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Longboat Key Thursday, Apr. 15, 2021 4 weeks ago

Third party completes audit of Longboat Key

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Mauldin & Jenkins conducted the audit.
by: Mark Bergin Staff Writer

An independent audit of Longboat Key’s fiscal year 2020 found the town’s financial statements are fairly presented in conformity with generally accepted accounting principles.

CPA and advisory firm Mauldin & Jenkins conducted the audit. Florida law requires local governments to provide an audit and annual financial report to the state no later than nine months after the end of the fiscal year.

“It’s just another extremely positive audit by a third party auditing firm that looks at our financial records for the previous years,” Town Manager Tom Harmer said. “And, part of that process, they will identify if there are any concerns or areas of improvement, but we have some history here of receiving very favorable audit reports that are very complimentary of our finance team, and this is another one.”

Harmer said Mauldin & Jenkins did not have any recommendations for the town to change its financial practices.

“The scope of the independent audit is to provide reasonable assurance that the financial statements for the fiscal year ended September 30, 2020, are free of material misstatement,” the audit states. “The independent audit involved examining, on a test basis, evidence supporting the amounts and disclosures in the financial statements; assessing the accounting principles used and significant estimates made by management; and evaluating the overall financial statement presentation.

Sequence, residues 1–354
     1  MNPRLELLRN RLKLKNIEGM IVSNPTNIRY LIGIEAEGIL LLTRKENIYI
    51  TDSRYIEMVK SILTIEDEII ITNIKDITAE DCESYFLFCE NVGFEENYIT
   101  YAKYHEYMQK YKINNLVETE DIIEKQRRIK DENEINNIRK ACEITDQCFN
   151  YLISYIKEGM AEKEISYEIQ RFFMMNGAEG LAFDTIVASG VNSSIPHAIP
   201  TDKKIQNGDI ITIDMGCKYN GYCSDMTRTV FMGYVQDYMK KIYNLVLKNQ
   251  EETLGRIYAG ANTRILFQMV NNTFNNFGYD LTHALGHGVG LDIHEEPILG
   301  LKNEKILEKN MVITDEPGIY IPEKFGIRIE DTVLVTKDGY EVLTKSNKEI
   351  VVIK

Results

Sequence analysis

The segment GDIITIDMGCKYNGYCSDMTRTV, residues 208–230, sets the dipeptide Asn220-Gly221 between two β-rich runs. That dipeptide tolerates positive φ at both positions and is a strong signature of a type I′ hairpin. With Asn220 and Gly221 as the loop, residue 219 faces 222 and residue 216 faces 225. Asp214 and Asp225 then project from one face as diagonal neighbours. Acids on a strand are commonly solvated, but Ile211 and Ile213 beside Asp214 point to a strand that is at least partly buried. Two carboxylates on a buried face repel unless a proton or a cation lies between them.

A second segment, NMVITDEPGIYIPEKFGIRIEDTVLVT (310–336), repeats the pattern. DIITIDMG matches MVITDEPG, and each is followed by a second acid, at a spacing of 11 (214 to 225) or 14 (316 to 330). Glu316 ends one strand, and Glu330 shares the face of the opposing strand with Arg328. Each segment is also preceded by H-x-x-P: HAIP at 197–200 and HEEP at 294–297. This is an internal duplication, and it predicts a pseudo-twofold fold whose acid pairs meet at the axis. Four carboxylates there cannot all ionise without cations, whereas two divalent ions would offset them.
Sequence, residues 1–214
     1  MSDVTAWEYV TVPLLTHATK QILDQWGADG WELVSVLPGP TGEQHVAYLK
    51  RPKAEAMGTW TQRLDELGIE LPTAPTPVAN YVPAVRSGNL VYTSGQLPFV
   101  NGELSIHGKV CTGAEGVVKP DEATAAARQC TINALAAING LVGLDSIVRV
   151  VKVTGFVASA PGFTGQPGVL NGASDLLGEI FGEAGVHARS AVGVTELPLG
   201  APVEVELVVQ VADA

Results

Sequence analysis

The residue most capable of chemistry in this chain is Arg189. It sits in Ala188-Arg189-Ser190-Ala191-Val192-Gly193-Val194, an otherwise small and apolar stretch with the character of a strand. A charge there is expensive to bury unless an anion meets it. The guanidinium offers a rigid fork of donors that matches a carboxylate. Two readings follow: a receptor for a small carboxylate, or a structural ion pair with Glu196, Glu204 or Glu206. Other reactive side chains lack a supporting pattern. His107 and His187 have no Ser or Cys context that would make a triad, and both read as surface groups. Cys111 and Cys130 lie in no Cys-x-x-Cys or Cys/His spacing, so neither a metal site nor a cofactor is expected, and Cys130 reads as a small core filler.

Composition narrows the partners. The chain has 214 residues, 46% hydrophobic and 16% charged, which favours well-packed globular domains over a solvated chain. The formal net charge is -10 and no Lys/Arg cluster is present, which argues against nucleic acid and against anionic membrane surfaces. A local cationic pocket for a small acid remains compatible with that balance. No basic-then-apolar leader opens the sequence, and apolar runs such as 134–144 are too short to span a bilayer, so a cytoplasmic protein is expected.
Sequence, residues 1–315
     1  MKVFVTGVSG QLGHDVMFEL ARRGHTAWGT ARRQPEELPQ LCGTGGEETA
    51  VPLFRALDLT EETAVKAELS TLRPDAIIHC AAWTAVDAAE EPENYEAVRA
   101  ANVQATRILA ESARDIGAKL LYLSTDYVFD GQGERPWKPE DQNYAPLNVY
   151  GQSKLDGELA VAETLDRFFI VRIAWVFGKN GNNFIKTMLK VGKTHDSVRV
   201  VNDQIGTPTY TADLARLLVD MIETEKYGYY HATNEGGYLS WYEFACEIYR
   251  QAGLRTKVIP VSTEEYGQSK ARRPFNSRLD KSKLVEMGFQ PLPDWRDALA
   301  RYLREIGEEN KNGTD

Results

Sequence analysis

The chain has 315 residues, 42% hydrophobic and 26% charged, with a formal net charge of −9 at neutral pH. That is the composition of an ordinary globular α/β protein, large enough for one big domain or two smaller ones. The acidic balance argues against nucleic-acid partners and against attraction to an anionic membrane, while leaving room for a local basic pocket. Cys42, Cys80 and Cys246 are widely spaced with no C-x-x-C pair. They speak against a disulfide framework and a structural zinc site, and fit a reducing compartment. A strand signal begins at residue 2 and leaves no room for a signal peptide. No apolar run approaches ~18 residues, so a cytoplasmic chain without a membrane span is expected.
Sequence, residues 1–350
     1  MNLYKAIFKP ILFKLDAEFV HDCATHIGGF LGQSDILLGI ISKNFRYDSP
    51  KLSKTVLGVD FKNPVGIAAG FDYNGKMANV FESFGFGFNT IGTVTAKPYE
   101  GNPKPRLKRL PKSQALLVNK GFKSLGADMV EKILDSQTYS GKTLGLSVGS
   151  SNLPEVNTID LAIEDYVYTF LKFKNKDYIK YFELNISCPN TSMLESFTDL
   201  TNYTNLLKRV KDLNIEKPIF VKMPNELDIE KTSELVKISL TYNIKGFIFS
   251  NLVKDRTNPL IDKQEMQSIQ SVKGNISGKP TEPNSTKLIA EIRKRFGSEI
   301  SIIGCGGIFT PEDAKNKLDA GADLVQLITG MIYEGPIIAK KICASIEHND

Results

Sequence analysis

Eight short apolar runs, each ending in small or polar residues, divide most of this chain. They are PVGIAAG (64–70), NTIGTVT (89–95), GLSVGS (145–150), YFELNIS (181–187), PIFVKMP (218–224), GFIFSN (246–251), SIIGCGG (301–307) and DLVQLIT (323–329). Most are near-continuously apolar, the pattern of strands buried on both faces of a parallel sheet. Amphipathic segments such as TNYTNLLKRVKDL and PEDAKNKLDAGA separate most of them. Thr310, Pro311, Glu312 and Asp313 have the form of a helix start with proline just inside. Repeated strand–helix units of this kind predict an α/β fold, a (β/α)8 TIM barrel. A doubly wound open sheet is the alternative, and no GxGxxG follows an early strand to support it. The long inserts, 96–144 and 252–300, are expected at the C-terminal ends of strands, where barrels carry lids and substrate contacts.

Because the town did not spend more than $750,000 of federal expenditures or state financial assistance, it is not required to undergo a federal or state audit.

“I would like to recognize the Finance Director Sue Smith and the rest of the Finance Team for their efforts this year and the positive results reflected again in this year’s audit,” Harmer wrote in an email to town commissioners.

Among the financial highlights of the audit, Harmer said he was proud of how the town financially adapted to the COVID-19 pandemic.

“I think we’ve been very conservative, and this plays out in the audit as well, but very conservative in our forecasting of the impact of COVID last year when it first occurred, and that’s worked out [in] our favor,” Harmer said. “The impact has been less than when we first projected it to be, and so I think that part is really good.”

Harmer said the audit shows how the town’s revenues were higher than forecasted and the town underspent its approved budget.

“When the commission provides us a work plan and a budget for the year, we work really hard to accomplish those things within the budget, and if we can save any money, we’d like to do that,” Harmer said. 

Here are some of the financial highlights of the audit:

  • Government fund balances of $68.4 million at the close of fiscal year 2020, which was a decrease of $2 million from the previous fiscal year. About $7 million is available for spending at the town’s discretion. The decrease in fund balance is attributed to the underground utilities project and “other capital outlay.”
  • The general fund balance increased by $600,000 to $10.7 million. The increase was because of revenues exceeding estimates despite reductions in sales tax revenues from COVID-19, unspent contingency funds and the town underspending its appropriated budget.
  • Changing the way Longboat Key holds reserve funding and calculates its potential use. 
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Mark Bergin is the Longboat Key Town Hall reporter for the Observer. He has previously worked as a senior digital producer at WTSP, the CBS affiliate in St. Petersburg. Mark is a graduate of the University of Missouri and grew up in the Chicagoland area.

See All Articles by Mark

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